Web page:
Also, our patent attorney has won billion dollar (with a "B") patent cases. He's no slouch. :) Plus we work with EFF, Harvard Cyberlaw, Public Knowledge, and other groups to push back against patents in 3D printing and patents in general.

I've spoken about it at length with our US Congressman Jared Polis (he invited me to a patent workshop too) and two of his potential rivals in November. I spoke briefly about it with US Senator Michael Bennet when he visited. So we're working on it at the political layer too.

Just sayin'...

-Jeff Moe, Aleph Objects, Inc. CEO

Comment Re:What is MediaGoblin? (Score 2) 37

Jeff Moe from LulzBot here (aka jebba). Thanks for your nice comments. :)

We actually don't have an interest in *running* a free/open/libre repository, but we'd sure like to see one exist. Ideally, there should be a thingiverse-like site that is run more like the Wikipedia Foundation. A "neutral" non-profit, with no ads, run by donations. The donations can come from various 3D printer companies and end users.

Also note, some folks think MediaGoblin is the hosting site. They are just the makers of the web software. Anyone can set up a MediaGoblin site on their own servers. With luck, many will do so.

Comment Thanks! (Score 1) 79

Jeff Moe here, founder of Aleph Objects, Inc. maker of the LulzBot 3D printer. Note this is a printer which makes *objects*, not a printer that prints on paper.

I haven't spent much time on /. recently. I appreciate the post and the positive comments from many of you. The others, not so much. ;) I typically use the nick "jebba", but this account got set up with "yeb" for some reason, long forgot.

I am a long time supporter of free software, open culture, open publishing, etc. I am not a communist, as you can figure out if you go to opensecrets.org or many other places (cf. http://thebubblefilm.com/ )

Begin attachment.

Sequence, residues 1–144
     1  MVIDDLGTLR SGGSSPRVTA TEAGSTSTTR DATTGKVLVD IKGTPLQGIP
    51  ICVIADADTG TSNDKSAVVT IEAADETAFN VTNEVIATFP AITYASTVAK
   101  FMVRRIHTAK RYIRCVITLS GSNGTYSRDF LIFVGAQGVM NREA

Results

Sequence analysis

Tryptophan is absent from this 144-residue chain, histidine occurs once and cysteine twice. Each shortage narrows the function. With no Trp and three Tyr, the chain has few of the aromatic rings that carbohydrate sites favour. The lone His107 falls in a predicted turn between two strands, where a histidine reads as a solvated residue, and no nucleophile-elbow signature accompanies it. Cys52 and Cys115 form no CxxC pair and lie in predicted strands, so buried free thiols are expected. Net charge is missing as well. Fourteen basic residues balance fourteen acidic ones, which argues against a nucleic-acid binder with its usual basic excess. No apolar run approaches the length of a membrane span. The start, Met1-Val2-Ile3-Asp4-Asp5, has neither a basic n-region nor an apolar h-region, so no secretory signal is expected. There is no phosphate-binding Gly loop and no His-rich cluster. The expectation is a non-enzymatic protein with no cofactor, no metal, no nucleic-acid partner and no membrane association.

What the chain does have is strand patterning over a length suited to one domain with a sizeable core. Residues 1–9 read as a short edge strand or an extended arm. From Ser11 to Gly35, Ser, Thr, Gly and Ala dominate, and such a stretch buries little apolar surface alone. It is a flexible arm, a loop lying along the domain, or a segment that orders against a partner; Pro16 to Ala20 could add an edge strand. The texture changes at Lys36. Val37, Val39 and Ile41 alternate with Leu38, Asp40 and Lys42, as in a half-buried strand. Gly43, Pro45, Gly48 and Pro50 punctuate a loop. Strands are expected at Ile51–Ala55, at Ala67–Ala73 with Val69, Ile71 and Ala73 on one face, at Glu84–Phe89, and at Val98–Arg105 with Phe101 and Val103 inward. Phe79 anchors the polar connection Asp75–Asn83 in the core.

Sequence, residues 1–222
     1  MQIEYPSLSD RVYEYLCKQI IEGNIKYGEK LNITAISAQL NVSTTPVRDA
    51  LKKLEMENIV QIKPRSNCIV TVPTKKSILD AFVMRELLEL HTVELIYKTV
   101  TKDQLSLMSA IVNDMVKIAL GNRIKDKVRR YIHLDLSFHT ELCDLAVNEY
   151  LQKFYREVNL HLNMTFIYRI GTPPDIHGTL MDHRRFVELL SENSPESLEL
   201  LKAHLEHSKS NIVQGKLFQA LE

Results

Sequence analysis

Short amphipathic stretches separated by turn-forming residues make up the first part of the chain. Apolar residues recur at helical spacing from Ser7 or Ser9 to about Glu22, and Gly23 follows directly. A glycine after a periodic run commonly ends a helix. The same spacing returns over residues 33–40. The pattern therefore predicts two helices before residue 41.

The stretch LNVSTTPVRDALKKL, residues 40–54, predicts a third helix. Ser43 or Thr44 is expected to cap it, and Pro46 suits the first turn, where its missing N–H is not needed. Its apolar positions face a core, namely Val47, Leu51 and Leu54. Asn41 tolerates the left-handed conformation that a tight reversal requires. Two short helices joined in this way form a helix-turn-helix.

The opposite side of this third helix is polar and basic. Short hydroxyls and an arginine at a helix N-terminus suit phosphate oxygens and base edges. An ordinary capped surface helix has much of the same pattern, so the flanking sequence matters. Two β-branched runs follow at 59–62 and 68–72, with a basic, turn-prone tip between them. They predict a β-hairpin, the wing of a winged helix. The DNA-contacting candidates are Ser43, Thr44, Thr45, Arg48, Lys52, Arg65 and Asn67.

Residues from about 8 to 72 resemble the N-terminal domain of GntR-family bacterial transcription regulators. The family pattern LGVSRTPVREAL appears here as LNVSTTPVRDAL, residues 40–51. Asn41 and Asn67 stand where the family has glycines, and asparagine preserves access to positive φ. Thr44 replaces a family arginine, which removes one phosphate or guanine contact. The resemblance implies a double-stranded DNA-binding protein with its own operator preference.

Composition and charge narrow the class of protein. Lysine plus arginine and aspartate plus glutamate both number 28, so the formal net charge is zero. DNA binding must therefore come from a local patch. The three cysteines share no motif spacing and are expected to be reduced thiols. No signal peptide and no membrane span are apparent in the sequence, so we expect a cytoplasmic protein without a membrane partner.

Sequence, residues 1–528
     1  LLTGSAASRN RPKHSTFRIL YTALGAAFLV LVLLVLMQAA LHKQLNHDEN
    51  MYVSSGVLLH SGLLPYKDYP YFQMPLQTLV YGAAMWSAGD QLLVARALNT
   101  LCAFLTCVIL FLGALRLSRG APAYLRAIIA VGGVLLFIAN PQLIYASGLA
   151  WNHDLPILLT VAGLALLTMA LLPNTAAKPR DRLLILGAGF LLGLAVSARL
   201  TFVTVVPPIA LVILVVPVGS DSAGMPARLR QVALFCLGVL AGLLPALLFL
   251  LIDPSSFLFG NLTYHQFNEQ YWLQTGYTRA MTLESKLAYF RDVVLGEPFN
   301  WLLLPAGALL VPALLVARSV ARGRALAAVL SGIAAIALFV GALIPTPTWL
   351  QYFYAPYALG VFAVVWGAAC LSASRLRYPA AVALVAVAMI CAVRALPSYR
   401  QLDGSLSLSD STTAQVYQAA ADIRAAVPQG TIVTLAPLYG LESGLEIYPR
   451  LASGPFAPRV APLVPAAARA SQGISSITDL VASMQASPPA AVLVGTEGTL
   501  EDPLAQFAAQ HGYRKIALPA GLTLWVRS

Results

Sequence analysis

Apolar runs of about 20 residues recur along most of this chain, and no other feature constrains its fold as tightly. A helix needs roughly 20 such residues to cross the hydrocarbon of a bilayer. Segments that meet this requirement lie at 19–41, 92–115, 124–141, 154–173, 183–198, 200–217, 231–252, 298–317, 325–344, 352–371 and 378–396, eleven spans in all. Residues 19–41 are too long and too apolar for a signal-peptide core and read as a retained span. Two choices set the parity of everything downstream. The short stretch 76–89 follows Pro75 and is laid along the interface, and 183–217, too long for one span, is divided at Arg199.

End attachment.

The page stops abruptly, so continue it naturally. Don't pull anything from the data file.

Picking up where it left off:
Just saying hi. Thanks again, and happy hacking!

Comment Cupcake Photos (Score 1) 117

I just started assembly of a Makerbot Cupcake. Unboxing & some assembly photos here:

I have some other printers as well, in various states, more photos:

The Makerbot stuff is very well documented relative to the other projects.

-Jeff Moe

Social Networks

Submission + - Ron Paul's use of the Internet in his presidential

tres3 writes: "A recent New York Times article explores some of the success that Ron Paul's presidential campaign has had in using the Internet. The author correctly states that others aren't as successful because their approach led many to micromanage their Web sites. By contrast, [Ms. Teachout] said, the Paul campaign took the opposite lesson that it was about openness and power. He has over 1140 MeetUp Groups in 900 cities (including one in the green zone in Baghdad) that have operated largely independently from the campaign.

For instance the ThisNovember5th site was setup by Trevor Lyman using a video created by James Sugra without even consulting the campaign. That site brought in $4.3M from 37,000 donors in 24 hours. Mr. Paul estimated that the one-day haul had brought $10 million worth of free publicity. Ron said he hadn't even gotten around to thanking them yet. THANKS Guys!! There is a new money bomb web site being prepared now in celebration of the Boston Tea Party

The article goes on to cover the wide variety of supporters that the Paul campaign has attracted. In reality Dr. Paul didn't create these groups; he simply gave them a focal point to rally behind. And he used the Internet to unite them, or more accurately, the users of the Internet found his message and united themselves behind it. I guess that is why the author titled the article 'The Web Finds Ron Paul, and Takes Him for a Ride'."

Submission + - Ron Paul sets record $4.3 M in online fundraising

rebmaster writes: "Sure, Ron Paul stories tend to be over-submitted (and occasionally over-hyped). But this is real, BIG news.

In one day (Nov. 5th) — Ron Paul has raised over $4,200,000.00 — mostly by online direct donations from over 37,000 individual donors. (These are not "pledges" — it is "money in the bank.")

Paul's total deposed Mitt Romney as the all-time single-day fundraising record holder in the Republican presidential field.

There's a lot of Internet major media news postings about it, but they tend to be inaccurate and/or biased. (Typical!)
The AP story is one of the more accurate."